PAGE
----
By Annie Russo
Last week, the U.S. House of Representatives considered H.R. 5652, the Sequester Replacement Reconciliation Act of 2012, introduced by Budget Committee Chairman Paul Ryan (R-WI). According to the Congressional Budget Office (CBO) the bill would yield $243 billion in deficit reductions over the next ten years and would replace of the $72 billion in cuts that would take effect in January due to the sequester mandated by the debt ceiling deal.
The debate on the House floor was heated at times on both sides of the aisle raising the age old debate of military versus non-military spending, as H.R. 5652 would prevent the deep cuts to defense that the sequester would bring. House Republicans defended the proposal citing that they were taking a common sense approach by replacing the sequester’s across the board cuts. H.R. 5652 passed by a mainly party-line vote of 218-199.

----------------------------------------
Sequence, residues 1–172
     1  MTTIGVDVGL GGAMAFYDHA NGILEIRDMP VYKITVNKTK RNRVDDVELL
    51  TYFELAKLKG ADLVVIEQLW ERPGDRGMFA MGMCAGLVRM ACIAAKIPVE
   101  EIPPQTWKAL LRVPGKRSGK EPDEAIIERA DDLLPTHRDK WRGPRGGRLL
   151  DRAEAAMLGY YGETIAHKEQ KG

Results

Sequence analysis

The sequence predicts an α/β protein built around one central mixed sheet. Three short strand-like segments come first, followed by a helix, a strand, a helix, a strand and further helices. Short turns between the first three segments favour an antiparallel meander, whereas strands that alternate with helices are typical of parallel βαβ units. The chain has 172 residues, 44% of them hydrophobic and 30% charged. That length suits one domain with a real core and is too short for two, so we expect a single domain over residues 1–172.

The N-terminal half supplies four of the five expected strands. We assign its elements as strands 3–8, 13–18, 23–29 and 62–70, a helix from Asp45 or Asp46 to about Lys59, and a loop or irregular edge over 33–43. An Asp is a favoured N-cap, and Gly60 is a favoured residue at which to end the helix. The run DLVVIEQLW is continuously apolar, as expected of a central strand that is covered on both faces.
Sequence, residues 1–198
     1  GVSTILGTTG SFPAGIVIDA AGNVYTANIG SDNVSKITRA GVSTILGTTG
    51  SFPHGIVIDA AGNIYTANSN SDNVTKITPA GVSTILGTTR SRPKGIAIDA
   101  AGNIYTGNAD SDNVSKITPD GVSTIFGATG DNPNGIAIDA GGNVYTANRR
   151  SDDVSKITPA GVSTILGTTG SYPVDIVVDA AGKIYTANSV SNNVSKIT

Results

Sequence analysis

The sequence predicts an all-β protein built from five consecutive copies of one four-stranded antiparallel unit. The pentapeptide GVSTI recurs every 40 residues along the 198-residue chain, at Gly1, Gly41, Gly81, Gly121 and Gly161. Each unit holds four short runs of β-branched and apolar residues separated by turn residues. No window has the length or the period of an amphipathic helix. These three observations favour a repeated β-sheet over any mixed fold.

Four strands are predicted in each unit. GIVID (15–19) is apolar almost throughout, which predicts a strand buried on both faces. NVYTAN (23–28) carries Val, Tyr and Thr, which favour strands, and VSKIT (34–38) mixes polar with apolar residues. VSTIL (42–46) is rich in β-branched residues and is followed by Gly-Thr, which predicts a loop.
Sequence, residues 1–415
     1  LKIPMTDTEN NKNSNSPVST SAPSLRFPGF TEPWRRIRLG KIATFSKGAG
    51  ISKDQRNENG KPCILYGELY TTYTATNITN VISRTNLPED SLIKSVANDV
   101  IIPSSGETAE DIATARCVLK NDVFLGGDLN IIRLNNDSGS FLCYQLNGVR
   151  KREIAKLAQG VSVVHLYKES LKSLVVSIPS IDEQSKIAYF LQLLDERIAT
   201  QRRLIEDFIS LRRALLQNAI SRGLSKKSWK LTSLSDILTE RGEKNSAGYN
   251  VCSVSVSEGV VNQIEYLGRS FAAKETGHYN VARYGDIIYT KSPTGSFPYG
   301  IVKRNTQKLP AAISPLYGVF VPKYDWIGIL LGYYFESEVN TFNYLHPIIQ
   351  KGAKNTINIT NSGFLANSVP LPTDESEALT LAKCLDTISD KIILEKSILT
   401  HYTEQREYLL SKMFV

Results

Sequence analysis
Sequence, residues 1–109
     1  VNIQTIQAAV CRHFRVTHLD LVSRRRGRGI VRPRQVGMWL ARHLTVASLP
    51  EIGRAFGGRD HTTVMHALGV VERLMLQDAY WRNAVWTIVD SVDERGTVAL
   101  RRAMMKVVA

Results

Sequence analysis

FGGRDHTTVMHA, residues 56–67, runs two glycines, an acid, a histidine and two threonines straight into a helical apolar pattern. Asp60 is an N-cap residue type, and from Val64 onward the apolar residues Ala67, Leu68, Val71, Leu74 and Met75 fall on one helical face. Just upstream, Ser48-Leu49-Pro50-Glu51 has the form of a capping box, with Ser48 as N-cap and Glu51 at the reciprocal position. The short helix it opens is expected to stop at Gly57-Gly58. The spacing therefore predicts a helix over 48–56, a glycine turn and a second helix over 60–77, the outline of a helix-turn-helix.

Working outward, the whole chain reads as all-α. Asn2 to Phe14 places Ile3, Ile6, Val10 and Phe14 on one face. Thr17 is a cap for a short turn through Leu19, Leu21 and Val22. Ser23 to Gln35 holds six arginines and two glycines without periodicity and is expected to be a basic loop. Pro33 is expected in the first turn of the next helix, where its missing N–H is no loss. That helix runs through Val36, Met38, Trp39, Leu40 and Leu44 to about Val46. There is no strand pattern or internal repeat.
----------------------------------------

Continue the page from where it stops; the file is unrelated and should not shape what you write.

The bill will likely not see time on the Senate floor as Senate Majority Leader Harry Reid (D-NV) has said that he is only interested in taking a “balanced approach” to replacing the sequester, meaning that he supports increasing revenues as well as making budget cuts. The Administration also went on the record in opposition to H.R. 5652 saying “the bill’s unbalanced provisions fail the test of fairness and shared responsibility.”